Since that acquisition in 2005, the process has evolved over time. Nowadays, we acquire the rights to Chinese writers that range from literary celebrities to genre writers and classic authors. We don’t look for authors who ‘represent China,’ but works that we believe tell a great story that has appeal beyond the Chinese context and setting, writers such as Sheng Keyi 盛可以 and He Jiahong 何家弘. Sheng Keyi writes wonderful novels about loss of innocence, whereas He Jiahong writes rich and detailed crime stories with forensic and authoritative insider detail.


    We enjoy publishing books that will challenge readers' expectations about the subjects that Chinese writers are prepared to address. When we published the officialdom novel The Civil Servant's Notebook by Wang Xiaofang 王曉方, we heard from various quarters that it was an unusual choice. From my point of view, I think it was a wonderful project to work on. This novel—fiction that deals with the inner workings of the Chinese political system and examines how corruption can move through the ranks—could only be written convincingly by a Chinese insider and this is precisely the kind of story that should be translated for readers in other cultures. Our goal was to publish it along similar lines to the books of Andrey Kurkov such as Death and the Penguin; absurdist, satirical, strange, and distant, yet with connections to the known world.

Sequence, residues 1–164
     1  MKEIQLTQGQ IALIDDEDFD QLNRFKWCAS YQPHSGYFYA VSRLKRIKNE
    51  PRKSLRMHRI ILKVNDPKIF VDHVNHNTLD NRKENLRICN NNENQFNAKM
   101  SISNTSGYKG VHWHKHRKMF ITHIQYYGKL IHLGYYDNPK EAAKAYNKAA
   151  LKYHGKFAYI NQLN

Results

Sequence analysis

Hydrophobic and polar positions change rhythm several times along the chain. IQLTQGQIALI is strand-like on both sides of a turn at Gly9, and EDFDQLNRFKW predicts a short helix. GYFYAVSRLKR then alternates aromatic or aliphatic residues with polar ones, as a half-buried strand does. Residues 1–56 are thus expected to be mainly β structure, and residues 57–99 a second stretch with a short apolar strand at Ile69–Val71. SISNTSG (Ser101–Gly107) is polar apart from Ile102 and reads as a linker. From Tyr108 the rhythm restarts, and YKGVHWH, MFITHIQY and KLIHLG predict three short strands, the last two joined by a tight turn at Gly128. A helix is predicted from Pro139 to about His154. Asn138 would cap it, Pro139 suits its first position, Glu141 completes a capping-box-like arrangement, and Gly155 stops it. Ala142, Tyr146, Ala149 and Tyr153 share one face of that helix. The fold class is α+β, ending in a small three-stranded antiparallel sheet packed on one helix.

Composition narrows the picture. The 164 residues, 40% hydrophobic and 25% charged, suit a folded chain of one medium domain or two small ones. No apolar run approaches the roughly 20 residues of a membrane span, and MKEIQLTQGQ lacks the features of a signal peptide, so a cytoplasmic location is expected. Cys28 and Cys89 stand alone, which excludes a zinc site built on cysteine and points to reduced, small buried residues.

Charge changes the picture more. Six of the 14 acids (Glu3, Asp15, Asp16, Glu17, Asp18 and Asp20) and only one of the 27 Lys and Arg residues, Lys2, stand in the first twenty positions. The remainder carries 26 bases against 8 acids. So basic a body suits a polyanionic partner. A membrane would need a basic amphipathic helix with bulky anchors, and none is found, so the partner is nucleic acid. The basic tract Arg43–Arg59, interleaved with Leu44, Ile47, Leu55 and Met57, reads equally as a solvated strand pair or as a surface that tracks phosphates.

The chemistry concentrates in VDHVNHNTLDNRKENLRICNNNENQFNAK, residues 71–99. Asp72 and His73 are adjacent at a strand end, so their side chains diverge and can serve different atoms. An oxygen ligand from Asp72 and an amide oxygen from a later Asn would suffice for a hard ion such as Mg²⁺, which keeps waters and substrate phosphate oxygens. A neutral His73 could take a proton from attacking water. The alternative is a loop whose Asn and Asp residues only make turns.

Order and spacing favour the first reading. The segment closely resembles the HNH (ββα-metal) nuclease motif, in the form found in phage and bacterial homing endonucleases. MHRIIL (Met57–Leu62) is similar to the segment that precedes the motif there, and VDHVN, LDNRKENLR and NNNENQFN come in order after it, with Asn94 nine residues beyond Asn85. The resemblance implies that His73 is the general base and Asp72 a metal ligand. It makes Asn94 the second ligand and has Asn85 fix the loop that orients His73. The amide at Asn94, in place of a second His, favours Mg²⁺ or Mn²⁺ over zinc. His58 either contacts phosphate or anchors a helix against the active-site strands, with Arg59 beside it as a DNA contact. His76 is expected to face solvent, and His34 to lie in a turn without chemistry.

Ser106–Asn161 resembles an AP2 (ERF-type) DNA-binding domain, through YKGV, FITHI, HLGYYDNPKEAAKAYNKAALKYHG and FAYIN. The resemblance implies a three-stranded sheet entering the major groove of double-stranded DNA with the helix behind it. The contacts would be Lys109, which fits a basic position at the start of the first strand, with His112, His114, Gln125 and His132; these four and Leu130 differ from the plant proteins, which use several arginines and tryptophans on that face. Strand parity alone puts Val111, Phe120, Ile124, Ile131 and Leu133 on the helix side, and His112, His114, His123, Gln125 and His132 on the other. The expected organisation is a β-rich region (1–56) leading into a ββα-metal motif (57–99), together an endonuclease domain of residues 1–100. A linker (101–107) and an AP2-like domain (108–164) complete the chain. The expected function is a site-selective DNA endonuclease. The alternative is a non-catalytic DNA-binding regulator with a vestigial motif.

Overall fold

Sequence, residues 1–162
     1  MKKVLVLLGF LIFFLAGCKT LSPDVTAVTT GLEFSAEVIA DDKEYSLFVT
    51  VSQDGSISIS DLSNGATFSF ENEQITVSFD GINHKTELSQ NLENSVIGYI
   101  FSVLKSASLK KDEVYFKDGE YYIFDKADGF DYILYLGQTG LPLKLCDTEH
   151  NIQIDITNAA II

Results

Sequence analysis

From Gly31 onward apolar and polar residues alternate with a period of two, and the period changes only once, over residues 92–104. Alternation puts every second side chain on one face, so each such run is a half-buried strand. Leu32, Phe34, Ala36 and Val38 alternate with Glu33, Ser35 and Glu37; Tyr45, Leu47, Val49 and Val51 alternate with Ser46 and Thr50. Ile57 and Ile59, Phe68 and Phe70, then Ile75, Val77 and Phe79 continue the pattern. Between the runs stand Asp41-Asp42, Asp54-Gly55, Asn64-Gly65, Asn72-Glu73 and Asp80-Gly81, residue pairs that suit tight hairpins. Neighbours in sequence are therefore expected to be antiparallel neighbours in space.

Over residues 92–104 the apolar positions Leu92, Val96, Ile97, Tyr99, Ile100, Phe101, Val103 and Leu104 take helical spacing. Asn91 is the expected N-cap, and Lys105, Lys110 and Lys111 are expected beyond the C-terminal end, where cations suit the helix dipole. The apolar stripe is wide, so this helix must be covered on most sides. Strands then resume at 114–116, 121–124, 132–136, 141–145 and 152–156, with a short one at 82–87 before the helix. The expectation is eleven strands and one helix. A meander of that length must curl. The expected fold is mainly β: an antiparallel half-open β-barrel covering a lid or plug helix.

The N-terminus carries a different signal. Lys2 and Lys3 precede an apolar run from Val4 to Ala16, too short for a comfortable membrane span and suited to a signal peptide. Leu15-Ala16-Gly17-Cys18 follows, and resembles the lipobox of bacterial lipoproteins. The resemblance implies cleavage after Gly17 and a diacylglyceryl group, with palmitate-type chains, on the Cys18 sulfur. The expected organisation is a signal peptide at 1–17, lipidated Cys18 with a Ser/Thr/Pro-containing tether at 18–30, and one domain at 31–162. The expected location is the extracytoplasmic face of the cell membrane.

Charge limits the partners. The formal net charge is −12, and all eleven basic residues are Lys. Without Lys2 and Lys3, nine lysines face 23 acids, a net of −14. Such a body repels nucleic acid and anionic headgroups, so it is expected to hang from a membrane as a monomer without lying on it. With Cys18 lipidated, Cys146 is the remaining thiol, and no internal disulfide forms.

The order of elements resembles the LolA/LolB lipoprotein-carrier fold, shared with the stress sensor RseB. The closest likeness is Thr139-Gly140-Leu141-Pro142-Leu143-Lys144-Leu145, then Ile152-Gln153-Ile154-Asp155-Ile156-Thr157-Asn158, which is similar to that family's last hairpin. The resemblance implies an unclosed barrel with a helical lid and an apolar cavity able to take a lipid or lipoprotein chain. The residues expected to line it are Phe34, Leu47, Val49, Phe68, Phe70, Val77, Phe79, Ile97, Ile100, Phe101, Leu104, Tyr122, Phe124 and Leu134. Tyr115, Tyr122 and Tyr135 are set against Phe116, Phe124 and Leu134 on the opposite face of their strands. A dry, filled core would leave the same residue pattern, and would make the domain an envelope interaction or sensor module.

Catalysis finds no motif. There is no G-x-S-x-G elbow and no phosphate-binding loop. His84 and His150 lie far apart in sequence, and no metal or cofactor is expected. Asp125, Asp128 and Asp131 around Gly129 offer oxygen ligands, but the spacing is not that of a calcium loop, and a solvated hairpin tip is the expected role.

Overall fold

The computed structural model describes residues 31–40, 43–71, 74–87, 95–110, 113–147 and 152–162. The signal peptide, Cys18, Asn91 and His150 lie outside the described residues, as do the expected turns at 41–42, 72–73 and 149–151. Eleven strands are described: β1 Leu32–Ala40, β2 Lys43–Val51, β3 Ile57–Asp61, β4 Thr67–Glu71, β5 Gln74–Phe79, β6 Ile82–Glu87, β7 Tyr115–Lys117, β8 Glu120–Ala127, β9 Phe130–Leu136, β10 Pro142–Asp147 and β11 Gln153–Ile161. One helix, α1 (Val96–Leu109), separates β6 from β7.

While Wolf Totem was the most famous book of its time, we are as willing to buy small, unknown books as we are to acquiring major bestsellers. A book's popularity in one country does not guarantee it success in another, and books unknown at home can strike a chord elsewhere.


    Selling the first works by Chinese authors in foreign translations is highly challenging, even if that writer is a major name at home. Literary festivals are critical in establishing new authors in Europe and Australia, but with non-English speaking writers their participation is limited and complex. Journalists and broadcasters rely on people being available—a writer who can take a taxi across central London to join a BBC discussion about recent events will be chosen above someone who must be hosted by satellite link from halfway around the world. Bookstore signings—small, intimate events—are scheduled at the last minute and at very low cost.